Marcel Mihalovici (Bucharest, 22 October 1898 – Paris, 12 August 1985) was a French composer born in Romania.
He was discovered by George Enescu in Bucharest.
He moved to Paris in 1919 (at age 21) to study under Vincent d'Indy.
His works include his Sonata number 1 for violin and piano (1920), Mélusine opera (1920, libretto by Yvan Goll), his 1st string quartet (1923), 2nd string quartet (1931), Sonata number 2 for violin and piano (1941), Sonata for violin and cello (1944), Phèdre Opera (1949), Étude in two parts for piano and instrumental ensemble (1951) and Esercizio per archi (1960).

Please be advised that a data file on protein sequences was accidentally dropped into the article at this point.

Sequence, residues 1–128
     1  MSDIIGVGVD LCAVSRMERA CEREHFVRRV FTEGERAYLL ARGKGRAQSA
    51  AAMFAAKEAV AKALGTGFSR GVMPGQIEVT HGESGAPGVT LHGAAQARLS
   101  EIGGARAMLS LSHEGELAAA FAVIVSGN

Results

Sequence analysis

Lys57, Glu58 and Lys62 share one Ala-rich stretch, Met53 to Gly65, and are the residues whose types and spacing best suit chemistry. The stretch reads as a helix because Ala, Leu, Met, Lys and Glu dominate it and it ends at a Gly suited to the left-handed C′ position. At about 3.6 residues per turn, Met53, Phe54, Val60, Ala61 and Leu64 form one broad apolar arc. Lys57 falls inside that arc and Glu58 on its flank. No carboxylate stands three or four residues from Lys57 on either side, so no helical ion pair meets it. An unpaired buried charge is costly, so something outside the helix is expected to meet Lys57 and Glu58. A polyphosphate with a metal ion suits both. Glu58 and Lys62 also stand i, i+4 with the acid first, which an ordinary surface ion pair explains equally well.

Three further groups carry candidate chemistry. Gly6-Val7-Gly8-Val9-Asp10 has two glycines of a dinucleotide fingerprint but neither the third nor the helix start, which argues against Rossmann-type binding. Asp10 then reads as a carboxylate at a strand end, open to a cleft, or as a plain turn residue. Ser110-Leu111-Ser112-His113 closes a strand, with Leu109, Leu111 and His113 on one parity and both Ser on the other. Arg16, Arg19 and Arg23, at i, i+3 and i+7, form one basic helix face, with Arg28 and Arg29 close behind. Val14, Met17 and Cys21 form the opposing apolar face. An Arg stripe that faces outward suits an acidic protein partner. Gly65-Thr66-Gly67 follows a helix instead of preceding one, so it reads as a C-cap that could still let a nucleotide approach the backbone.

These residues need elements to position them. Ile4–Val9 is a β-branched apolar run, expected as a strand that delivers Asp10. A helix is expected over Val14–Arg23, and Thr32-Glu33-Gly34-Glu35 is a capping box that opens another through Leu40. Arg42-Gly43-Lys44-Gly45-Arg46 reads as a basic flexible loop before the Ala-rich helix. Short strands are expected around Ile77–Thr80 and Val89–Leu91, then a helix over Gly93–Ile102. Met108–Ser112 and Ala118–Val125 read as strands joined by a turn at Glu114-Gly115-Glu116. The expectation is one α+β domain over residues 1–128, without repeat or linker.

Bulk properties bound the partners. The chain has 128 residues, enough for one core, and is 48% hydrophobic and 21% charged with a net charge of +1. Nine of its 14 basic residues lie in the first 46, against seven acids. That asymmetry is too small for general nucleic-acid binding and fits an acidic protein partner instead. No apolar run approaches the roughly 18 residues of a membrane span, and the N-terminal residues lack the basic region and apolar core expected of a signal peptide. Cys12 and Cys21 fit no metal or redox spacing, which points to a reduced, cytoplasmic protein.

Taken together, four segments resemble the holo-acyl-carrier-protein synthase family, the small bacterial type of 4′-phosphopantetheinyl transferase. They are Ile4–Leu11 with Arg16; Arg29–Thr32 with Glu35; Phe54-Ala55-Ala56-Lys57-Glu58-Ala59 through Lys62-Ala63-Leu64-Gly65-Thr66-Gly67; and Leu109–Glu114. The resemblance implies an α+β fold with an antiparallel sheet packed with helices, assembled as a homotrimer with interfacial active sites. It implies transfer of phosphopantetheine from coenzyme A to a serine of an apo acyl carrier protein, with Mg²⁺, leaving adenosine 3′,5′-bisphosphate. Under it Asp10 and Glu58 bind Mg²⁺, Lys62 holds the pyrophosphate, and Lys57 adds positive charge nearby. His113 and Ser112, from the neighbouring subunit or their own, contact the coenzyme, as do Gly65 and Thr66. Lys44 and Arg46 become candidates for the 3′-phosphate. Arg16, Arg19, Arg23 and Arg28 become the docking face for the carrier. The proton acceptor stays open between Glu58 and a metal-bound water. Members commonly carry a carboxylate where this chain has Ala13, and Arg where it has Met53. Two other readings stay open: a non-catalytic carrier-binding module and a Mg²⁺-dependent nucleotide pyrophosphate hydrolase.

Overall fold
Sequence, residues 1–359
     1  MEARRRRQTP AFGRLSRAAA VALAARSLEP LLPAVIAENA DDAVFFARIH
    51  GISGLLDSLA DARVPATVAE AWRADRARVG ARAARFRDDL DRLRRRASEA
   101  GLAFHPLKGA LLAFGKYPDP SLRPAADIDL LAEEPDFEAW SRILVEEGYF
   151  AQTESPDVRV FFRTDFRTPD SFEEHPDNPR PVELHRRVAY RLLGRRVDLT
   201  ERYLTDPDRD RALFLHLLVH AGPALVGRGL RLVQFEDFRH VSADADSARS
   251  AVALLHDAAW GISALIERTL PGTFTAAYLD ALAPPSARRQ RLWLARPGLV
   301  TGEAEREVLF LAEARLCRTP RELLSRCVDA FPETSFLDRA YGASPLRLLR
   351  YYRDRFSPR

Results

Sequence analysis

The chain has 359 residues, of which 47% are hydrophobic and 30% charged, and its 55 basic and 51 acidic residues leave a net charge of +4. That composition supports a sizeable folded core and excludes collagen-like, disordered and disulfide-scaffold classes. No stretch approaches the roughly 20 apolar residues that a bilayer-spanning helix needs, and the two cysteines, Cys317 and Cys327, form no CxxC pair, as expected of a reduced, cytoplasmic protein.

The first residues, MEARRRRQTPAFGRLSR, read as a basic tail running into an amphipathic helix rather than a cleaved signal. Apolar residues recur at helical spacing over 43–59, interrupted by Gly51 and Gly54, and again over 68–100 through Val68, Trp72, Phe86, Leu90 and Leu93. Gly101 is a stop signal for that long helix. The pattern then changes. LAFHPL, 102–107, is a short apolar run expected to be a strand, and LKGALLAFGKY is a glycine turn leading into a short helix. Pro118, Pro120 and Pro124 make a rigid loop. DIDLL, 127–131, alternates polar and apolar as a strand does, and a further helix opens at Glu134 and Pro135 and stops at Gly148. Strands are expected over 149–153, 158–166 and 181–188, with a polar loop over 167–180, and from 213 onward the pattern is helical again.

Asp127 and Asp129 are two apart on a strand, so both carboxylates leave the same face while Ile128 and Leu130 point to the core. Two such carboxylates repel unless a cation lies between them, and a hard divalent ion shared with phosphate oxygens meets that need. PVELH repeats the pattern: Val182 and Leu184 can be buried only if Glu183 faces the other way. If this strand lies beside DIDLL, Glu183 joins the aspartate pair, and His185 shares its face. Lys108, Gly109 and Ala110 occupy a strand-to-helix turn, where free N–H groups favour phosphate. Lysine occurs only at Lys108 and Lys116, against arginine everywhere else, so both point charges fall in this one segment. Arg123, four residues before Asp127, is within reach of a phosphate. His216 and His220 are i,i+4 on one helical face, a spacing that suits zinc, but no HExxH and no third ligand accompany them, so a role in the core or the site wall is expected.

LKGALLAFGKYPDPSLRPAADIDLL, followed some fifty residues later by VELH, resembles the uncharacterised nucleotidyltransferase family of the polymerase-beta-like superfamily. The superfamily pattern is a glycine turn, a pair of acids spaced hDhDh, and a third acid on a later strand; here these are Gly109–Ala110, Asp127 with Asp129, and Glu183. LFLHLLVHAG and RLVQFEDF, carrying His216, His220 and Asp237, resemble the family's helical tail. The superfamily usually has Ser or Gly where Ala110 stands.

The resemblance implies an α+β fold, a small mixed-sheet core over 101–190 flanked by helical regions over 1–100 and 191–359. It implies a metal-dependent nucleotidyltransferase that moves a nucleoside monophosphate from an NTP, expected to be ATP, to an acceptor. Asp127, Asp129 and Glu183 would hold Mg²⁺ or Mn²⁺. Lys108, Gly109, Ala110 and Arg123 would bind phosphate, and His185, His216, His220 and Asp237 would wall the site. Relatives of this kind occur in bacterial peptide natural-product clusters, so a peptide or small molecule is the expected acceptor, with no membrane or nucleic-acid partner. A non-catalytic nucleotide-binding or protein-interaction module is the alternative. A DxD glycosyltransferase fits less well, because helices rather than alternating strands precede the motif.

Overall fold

Many of his piano works were first performed by his wife, the concert pianist Monique Haas.
Mihalovici was the original composer for the music of Samuel Beckett's radio play Cascando (1962).
His Fifth Symphony features a soprano singing a setting of a Beckett poem, and he used Krapp's Last Tape as the basis for a small opera, Krapp, ou, La dernière bande.
His memories of their friendship are recounted in the collected work Beckett at Sixty A Festschrift by John Calder, Calder and Boyars (1967).
A strong proponent of neoclassicism, during his career Mihalovici embraced a variety of contemporary styles, with a harmonic language ranging from chromaticism to serialism.
Romanian folk music influenced his unconventional use of rhythmic variation and instrumental colour.